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Government corruption has robbed the world of $1 trillion in tax revenues

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Christian Fernsby | Monday April 15, 2019 5:29AM ET
International Monetary Fund
World   The least corrupt governments collect 4 percent of GDP more in tax revenues

A new report published by the International Monetary Fund (IMF) has estimated that government corruption has robbed the world of $1 trillion in tax revenues or 1.25 percent of global GDP.


The report, entitled Fiscal Monitor Curbing Corruption, revealed that the least corrupt governments collect 4 percent of GDP more in tax revenues than their peers with the highest levels of corruption based on an analysis of countries at similar income levels.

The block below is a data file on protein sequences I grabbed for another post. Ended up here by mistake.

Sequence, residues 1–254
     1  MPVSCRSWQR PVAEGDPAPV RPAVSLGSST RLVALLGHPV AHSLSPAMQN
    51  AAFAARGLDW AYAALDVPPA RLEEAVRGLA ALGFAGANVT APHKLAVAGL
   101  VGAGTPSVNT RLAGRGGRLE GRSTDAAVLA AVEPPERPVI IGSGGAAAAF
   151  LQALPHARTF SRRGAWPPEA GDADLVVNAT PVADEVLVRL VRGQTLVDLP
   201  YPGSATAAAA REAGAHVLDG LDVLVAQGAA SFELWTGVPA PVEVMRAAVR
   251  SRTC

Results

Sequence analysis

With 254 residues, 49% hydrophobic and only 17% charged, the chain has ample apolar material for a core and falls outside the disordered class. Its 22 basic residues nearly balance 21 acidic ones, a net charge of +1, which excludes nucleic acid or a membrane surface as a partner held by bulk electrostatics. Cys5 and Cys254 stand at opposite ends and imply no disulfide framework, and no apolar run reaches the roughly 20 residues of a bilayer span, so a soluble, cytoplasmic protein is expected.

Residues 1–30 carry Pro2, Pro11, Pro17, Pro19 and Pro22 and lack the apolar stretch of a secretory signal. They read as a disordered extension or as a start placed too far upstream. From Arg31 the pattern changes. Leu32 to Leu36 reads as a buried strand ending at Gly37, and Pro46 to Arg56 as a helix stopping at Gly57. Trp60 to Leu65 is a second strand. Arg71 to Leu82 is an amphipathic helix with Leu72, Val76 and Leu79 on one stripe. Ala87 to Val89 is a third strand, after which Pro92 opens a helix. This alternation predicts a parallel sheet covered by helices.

“Based on such cross-country comparisons, if all countries today were to reduce corruption by a similar extent, on average, as those that reduced it over the past two decades, global tax revenues could be higher by $1 trillion, or 1¼ percent of global GDP,” the IMF said.

“The gains would likely be greater considering that lower corruption would increase economic growth, further boosting revenues. Countries that managed to reduce corruption significantly were rewarded with surges in tax revenues as a share of GDP,” the Fund continued.

“Fighting corruption requires mustering political will. To ensure lasting improvements, however, it also requires developing good institutions to promote integrity and accountability throughout the public sector,” IMF said.

 

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